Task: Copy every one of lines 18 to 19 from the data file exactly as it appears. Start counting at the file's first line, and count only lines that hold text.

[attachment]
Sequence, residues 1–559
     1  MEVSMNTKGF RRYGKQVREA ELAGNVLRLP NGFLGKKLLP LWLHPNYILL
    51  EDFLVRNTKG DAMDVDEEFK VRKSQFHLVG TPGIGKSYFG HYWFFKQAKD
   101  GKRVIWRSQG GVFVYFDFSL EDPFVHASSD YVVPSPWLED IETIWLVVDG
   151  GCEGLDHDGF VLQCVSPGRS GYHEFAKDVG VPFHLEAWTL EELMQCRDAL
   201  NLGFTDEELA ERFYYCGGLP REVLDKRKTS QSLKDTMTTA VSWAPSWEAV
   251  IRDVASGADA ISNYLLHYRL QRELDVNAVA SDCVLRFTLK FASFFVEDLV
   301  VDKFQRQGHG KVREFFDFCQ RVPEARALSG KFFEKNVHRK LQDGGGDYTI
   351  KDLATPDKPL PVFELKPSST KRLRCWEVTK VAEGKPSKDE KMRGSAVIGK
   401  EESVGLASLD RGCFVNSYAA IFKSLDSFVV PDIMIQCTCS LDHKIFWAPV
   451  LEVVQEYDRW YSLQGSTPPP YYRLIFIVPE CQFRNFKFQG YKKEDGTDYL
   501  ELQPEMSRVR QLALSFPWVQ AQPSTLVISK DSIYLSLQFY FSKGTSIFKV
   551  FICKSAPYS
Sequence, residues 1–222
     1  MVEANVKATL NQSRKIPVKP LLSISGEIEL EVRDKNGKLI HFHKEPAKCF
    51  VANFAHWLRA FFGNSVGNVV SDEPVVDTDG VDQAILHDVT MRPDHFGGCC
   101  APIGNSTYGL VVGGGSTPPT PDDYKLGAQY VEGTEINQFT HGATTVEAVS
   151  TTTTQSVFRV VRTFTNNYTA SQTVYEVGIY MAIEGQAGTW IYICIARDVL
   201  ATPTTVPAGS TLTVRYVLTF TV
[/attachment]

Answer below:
   151  TTTTQSVFRV VRTFTNNYTA SQTVYEVGIY MAIEGQAGTW IYICIARDVL
   201  ATPTTVPAGS TLTVRYVLTF TV